An entirely glass building surrounded by a beautifully landscaped modern woodland, Fondation Cartier is a mini oasis within the capital. Upon entering you’ll discover museum displays and exhibits by contemporary artists from around the world. Featuring such treasures like Everything that Rises Must Converge by Sarah Sze and The Monument to Language by James Lee Byars - essential viewing for modern art fans.
Palais de Tokyo
Another one for contemporary art buffs, the Palais de Tokyo is a bustling hub for emerging international artists. As well as being one of the city’s best springboards for new talent it also holds host to one of the hippest spots in Paris: the Mediterranean brasserie Les Grands Verres takes museum dining to the next level and is worth a visit alone. Having recently welcomed nudists inside in a show of openness, this cool museum truly embodies the Parisian spirit.
In 1919 a museum was opened dedicated to the works of French sculptor and all round genius Auguste Rodin. Spread over two sites: the hotel Biron - once his workshop and just outside Paris in his old home, the expansive collection includes 6,600 sculptures, 8,000 drawings, 8,000 old photographs, and 7,000 objets d’art. Take the time to hunt down the Thinker and ponder the meaning of life whilst you’re at it.
Musée des Arts Decoratifs
One for the design lovers, the Musee des Arts Decoratifs is a must see. Holding host to some incredible exhibitions in the past, the term Art Deco was coined in these hallowed halls. Home to a collection of furniture, interior design, objets d’arts, ceramics and glasswares this museum could be seen as an equivalent to the V&A in London, but with french flair!
The Museums of Montmartre
On a tour of museums where you’re embracing all the culture, art and history Paris has to offer you must take a trip to Montmartre, the home of art during the Belle Epoque. Nestled in these streets are some wonderful museums deep in the heart of these artist’s homes. A trip to Montmartre is guaranteed to add depth and context to your understanding of Parisian art.
Musée de Montmartre
Renoir’s first address in Paris and home to such artists as Suzanne Valadon and Maurice Utrillo, the Musee de Montmartre is a shrine to Parisian art history. Down a charming cobbled street round the back of the Sacre Coeur, you’ll find the house situated at the back of the garden,. The permanent exhibitions are a treat to behold, evoking the joie de vivre of a generation of artists rallying against the elite bourgeoisie.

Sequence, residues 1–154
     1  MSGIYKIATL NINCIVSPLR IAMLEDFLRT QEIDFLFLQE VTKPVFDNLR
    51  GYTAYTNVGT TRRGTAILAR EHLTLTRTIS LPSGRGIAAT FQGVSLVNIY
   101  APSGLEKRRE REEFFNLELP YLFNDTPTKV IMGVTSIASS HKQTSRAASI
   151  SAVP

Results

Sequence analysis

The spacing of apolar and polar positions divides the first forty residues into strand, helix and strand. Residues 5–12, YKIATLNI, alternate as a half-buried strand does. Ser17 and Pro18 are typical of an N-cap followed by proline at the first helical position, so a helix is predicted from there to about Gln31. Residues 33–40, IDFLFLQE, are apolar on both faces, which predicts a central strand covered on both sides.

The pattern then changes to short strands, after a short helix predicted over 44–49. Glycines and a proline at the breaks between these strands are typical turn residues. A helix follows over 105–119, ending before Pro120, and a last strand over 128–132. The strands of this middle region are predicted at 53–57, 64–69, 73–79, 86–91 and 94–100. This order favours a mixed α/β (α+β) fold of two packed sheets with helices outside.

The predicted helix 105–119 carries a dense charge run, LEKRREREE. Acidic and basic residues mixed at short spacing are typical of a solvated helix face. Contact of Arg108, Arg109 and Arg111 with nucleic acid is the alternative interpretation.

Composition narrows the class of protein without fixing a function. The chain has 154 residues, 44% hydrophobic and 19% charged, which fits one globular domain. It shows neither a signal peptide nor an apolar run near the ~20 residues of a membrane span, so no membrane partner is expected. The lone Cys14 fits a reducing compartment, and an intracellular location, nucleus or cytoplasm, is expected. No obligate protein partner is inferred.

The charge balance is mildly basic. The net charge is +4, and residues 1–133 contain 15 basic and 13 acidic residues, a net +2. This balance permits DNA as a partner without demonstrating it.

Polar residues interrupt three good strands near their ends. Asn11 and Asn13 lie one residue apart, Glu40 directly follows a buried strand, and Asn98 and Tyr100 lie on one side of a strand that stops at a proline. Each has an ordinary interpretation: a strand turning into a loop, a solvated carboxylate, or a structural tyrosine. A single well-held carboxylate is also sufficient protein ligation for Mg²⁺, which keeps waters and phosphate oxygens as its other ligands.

Musée de l'Érotisme
In the belly of the Parisian underworld nestled in a neighbourhood known for its sex shops, take a trip to the Musée de l'Érotisme to gawk at phallic pottery and erotic art whilst learning about the history of brothels in Paris and ancient fertility symbols. Sprawled across seven floors you’ll receive a thorough erotic education.
This beautiful art gallery, is an independent platform for exhibitions, publications and education around contemporary art in all forms be that photography, video, film as well as new media. A tour of this museum is bound to inspire. Aside from this Le Bal cafe is a wonderful hidden gem for brunch offering french food with an Austrian twist.
La Halle St-Pierre
A museum dedicated to Art Brut - art that’s made without traditional fine art training. Originally started as a cultural project, the museum now boasts an impressive collection of contemporary, modern and pop culture artworks. The museum is also home to an awesome creative bookstore and the magazine ‘HEY! Modern art & pop culture’.